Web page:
Redaction Failures Continue in Electronic Court Filings, Study Shows

Timothy B. Lee, a graduate student for Princeton’s Center for Information Technology Policy, recently published the results of a study he conducted into litigants’ failure to adequately redact sensitive documents before uploading them to the various Court PACER systems. (PACER stands for Public Access to Court Electronic Records, and is available for most federal courts (see full list of participating courts.) As a means of attempting to address this problem, Mr. Lee has developed software (which he has released into the public domain through his article) that would permit courts to pre-screen PDF filings before they are accepted for the electronic court filing (ECF) system to determine if redactions were ineffectively made (and then bounce the filings back to the litigant for correction). He has also suggested that courts modify the software to create a tool for ECF users to pre-screen their own PDFs to confirm that redactions were made effectively before uploading them to the court’s public records.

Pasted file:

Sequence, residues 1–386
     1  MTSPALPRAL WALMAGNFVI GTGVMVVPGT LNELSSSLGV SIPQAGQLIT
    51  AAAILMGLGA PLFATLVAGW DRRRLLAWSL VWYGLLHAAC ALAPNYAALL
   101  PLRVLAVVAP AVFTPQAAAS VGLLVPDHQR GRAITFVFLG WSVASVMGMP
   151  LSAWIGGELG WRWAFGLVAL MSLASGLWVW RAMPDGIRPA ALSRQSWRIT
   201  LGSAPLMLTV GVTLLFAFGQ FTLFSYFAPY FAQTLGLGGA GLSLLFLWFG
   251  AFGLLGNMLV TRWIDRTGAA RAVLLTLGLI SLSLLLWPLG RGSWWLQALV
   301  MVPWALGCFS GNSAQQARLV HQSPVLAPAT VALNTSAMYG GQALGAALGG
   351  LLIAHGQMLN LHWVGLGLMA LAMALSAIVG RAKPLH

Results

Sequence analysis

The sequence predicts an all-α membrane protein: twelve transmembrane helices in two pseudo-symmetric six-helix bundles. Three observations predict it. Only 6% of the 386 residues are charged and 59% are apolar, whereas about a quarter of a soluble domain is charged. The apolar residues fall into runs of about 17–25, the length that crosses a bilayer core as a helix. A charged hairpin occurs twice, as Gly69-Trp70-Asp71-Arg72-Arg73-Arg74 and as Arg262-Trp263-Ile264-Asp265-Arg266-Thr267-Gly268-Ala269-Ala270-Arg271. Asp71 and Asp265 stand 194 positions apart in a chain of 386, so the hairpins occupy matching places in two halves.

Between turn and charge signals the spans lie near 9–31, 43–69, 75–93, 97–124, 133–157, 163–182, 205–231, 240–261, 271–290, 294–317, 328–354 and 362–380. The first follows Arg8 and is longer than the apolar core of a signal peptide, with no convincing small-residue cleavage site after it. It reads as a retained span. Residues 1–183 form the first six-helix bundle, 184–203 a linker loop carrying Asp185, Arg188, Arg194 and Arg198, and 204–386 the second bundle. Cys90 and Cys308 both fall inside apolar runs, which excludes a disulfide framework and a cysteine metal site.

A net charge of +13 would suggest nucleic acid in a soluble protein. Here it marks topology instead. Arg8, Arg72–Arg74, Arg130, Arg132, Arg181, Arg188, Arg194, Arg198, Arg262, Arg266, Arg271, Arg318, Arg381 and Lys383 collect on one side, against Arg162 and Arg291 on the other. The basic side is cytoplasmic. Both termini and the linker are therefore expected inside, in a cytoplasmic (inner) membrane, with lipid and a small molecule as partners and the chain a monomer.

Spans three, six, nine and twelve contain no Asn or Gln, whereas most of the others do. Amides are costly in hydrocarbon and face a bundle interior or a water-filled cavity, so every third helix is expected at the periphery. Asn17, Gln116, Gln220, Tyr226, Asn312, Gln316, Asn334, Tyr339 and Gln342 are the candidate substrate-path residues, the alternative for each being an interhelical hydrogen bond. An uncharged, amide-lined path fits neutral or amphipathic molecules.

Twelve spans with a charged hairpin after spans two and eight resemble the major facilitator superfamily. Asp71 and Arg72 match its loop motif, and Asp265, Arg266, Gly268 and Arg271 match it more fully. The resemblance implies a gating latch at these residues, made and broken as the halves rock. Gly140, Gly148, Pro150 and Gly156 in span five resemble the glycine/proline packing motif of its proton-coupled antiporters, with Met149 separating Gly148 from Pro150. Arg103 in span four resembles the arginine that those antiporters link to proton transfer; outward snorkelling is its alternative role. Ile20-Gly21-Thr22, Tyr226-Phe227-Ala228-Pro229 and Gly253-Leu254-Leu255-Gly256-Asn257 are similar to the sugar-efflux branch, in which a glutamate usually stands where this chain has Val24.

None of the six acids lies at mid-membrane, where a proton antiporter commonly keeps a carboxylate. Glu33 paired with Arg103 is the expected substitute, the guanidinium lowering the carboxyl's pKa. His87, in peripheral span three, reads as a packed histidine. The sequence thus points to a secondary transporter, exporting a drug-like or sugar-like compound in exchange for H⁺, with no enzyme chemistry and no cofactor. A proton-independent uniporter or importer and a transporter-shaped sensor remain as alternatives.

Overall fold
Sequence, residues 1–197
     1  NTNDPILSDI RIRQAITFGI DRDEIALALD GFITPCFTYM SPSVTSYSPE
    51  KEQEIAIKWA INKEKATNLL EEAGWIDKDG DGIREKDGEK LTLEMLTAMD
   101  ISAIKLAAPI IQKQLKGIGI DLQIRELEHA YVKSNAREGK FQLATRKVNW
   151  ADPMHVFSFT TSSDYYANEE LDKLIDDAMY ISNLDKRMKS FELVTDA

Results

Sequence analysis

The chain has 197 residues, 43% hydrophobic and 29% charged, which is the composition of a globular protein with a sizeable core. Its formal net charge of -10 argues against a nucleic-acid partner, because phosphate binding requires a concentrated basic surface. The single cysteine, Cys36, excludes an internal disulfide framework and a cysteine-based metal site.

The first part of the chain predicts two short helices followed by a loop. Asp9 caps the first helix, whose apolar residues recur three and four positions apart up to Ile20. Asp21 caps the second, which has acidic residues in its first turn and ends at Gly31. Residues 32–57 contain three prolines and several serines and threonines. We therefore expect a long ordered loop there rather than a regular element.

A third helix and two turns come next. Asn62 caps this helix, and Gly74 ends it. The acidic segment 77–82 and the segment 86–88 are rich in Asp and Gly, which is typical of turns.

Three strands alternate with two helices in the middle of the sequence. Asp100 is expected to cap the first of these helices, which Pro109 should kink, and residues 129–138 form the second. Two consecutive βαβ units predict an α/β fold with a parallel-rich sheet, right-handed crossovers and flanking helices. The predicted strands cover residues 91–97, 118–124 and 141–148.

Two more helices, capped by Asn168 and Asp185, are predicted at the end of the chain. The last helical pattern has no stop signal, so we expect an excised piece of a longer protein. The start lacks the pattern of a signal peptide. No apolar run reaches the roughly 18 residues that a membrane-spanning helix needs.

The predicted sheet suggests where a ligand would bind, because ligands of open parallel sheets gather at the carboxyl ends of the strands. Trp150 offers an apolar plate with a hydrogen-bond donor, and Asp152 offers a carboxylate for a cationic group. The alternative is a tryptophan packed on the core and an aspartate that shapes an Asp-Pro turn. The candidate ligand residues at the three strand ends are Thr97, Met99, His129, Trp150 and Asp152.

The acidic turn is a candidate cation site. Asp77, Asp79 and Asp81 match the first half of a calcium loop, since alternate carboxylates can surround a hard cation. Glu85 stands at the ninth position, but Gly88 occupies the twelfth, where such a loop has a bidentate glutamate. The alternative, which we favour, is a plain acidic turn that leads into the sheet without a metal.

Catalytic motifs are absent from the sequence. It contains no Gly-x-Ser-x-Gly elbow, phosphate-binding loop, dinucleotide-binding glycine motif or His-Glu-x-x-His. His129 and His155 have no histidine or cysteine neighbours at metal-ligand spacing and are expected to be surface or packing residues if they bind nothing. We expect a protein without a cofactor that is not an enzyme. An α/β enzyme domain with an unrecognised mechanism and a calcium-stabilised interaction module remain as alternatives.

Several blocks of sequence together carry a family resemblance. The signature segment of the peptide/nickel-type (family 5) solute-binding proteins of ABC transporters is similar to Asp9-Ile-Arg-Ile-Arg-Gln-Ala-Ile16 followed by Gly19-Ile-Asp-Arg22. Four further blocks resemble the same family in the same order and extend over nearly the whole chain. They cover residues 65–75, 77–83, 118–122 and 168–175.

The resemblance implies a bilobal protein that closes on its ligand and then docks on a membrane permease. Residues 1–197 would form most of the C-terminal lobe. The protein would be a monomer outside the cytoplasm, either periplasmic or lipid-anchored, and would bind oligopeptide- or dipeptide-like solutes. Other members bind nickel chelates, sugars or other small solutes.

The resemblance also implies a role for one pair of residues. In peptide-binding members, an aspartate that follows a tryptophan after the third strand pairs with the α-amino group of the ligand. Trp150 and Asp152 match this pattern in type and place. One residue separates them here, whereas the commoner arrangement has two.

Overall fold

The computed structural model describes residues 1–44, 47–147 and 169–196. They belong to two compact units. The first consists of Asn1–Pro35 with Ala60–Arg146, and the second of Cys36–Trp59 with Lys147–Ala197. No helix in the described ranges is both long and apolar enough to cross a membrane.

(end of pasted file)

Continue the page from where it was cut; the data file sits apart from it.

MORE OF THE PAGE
Court Rules Require Redaction in Electronic Filing 

A court’s local rules may provide for redaction of certain sensitive information such as “personal identifiers as Social Security numbers, dates of birth, financial account numbers and names of minor children . . . .” U.S. District Court for the Eastern District of Pennsylvania, Local Rules of Civil Procedure 5.1.3; see also U.S. Court of Appeals for the Third Circuit, Privacy Policy. Litigants themselves may have other reasons to redact certain information – such as a need to keep competitively sensitive information, trade secrets or other information protected by a Protective Order, Non-Disclosure Agreement or Confidentiality Agreement from disclosure to the public.

Litigants Do Not Always Redact Effectively

Mr. Lee concludes that litigants and their counsel do not always comply with court rules for redacting sensitive information from documents to be filed with the Court. His article explains his research methodology in detail, and it’s worth reading the entire thing to get proper context for his analysis.